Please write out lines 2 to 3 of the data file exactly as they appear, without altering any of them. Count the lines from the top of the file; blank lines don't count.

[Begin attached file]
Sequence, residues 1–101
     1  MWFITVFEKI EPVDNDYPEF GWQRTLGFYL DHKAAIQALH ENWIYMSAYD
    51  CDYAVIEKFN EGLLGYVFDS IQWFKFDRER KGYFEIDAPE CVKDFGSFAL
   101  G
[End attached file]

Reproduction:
     1  MWFITVFEKI EPVDNDYPEF GWQRTLGFYL DHKAAIQALH ENWIYMSAYD
    51  CDYAVIEKFN EGLLGYVFDS IQWFKFDRER KGYFEIDAPE CVKDFGSFAL